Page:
Pardon the length, but if all the fallacies strewn throughout this essay by Wells King and Dan Vaughn were to be addressed, what would follow would be a monograph of more than 100 pages.
Editor, National Review
Wells King and Dan Vaughn praise Ronald Reagan’s use of Voluntary Export Restraints (VERs) in the 1980s to protect the U.S. automobile industry from Japanese imports (“The American Camry,” October 17, 2022). Unfortunately, their essay is infected with several flaws, three of which are especially noteworthy.
First, by writing as if the cause of Japanese auto producers building factories in the U.S. during the 1980s was the VERs, King and Vaughn commit the post hoc, ergo propter hoc fallacy. It’s possible that the Japanese agreement back then to restrict their auto exports to the U.S. was exclusively responsible for prompting Japanese automakers to open factories in America in order to evade the restrictions of the VERs. But it’s more likely that the VERs at best sped up such direct foreign investment in the U.S. – a country with a skilled labor force, excellent infrastructure, and (importantly) a flexible and largely non-unionized labor market in those parts of the U.S. where these foreign auto producers built factories.
Because the VERs were set to expire after a few short years, no foreign automaker would have built a factory here if it weren’t convinced of the long-term profitability of doing so. Further, the VERs applied only to auto exports from Japan. A germane fact unmentioned by King and Vaughn is BMW’s announcement in 1992 of plans to manufacture cars in the U.S., with Hyundai following suit in 2002 and Volkswagen in 2008. None of these announcements were the result of Reagan’s VERs and, more generally, none appears to have been prompted by fears of U.S. protectionism.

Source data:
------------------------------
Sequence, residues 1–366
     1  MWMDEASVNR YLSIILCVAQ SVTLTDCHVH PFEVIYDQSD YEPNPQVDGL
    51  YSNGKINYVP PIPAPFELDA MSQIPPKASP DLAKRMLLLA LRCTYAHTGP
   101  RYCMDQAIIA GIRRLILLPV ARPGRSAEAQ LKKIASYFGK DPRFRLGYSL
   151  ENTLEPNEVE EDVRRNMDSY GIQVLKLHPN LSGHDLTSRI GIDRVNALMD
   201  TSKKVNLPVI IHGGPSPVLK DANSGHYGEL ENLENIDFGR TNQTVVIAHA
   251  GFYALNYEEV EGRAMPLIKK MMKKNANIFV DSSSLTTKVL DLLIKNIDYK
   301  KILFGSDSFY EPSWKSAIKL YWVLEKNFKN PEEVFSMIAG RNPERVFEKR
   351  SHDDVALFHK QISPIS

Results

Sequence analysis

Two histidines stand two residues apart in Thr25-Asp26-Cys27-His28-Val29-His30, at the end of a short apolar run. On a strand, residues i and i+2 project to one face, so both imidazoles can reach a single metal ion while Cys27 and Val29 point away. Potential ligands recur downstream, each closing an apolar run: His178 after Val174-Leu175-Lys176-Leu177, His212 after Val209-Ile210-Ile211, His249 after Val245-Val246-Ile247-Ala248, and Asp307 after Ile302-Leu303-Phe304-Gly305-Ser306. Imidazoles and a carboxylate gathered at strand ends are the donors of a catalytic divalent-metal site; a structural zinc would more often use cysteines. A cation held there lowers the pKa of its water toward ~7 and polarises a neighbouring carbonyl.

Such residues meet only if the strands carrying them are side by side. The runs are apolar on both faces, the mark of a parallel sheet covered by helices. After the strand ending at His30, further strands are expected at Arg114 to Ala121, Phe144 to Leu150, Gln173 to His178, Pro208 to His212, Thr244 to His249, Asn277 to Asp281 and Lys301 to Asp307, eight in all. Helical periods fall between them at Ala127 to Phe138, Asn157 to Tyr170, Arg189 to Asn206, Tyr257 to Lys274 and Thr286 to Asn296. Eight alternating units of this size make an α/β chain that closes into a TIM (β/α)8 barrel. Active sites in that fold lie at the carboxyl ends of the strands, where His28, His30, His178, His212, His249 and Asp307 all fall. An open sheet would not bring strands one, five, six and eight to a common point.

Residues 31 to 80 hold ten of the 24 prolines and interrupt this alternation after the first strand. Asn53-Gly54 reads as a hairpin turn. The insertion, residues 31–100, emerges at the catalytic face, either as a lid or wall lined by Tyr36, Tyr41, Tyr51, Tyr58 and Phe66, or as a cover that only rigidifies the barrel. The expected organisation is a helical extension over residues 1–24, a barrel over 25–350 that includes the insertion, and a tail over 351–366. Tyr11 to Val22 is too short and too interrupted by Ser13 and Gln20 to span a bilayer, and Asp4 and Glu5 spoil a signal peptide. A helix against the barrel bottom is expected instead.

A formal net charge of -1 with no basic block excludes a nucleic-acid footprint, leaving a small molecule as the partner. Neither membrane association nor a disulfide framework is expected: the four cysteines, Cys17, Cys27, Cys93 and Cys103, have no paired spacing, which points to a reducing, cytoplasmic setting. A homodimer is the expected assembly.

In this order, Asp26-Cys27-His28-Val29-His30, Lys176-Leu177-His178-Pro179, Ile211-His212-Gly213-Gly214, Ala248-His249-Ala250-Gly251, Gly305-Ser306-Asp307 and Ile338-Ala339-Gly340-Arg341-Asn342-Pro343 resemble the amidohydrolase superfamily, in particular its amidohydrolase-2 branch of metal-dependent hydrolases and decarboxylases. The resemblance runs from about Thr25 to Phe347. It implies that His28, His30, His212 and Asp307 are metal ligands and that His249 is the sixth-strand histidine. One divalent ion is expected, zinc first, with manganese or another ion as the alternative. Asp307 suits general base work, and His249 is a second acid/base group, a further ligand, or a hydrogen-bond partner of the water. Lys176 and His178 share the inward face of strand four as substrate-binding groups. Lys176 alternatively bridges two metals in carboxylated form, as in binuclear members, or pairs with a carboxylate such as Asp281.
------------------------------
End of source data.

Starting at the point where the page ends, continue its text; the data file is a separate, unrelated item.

Second, King and Vaughn never ask “As compared to what?” Because the VERs caused Americans to pay higher prices for automobiles – on average about $1,000 more per vehicle* – which goods and services were, as a result, denied to American consumers? And which industries in America shrank, and which jobs in America were destroyed or not created, by whatever artificial diversion was effected by the VERs of resources into increased auto manufacturing in America?
King and Vaughn reveal a dismaying ignorance of the economic case for free trade by mistakenly suggesting that economists who support free trade are surprised by protectionism’s ability, at least for a time, to buoy protected industries. We serious economists have never denied the possibility of such buoying. Instead, what we deny is the possibility of using protectionism to buoy some industry or industries without at the same time harming one or more other industries – industries and harms unseen; industries and harms ignored by King and Vaughn.
Third, it’s distressing that in the same essay in which King and Vaughn applaud protectionism because of its alleged success at inciting foreigners to invest more in the U.S., these authors also applaud Robert Lighthizer’s proposal to use protectionism to incite foreigners to invest less in the U.S.
By praising Lighthizer’s call for raising tariffs as a means of reducing U.S. trade deficits, King and Vaughn display their ignorance of the meaning and implications of trade deficits – and in particular their ignorance of the fact that the more foreigners invest in the U.S., the larger is America’s trade (more precisely, current-account) deficit. The investments by the Japanese in America that King and Vaughn applaud made U.S. trade deficits larger than these would have otherwise been. And so if U.S. trade deficits are, as King and Vaughn believe, an evil appropriately resisted with protectionist measures, these authors should then lament rather than praise the greater foreign investments in the U.S. that they celebrate as having been caused by the VERs.
King’s and Vaughn’s understanding of the economics of trade is so shallow and mistaken that all that they write about trade and trade policy should be read with great skepticism.
Donald J. Boudreaux
Professor of Economics
Martha and Nelson Getchell Chair for the Study of Free Market Capitalism at the Mercatus Center
George Mason University
Fairfax, VA 22030
* Douglas A. Irwin, Clashing Over Commerce: A History of US Trade Policy (Chicago: University of Chicago Press, 2017), page 592. (Adjusted for inflation, $1,000 in the early 1980s is, in 2022 dollars, about $3,000.)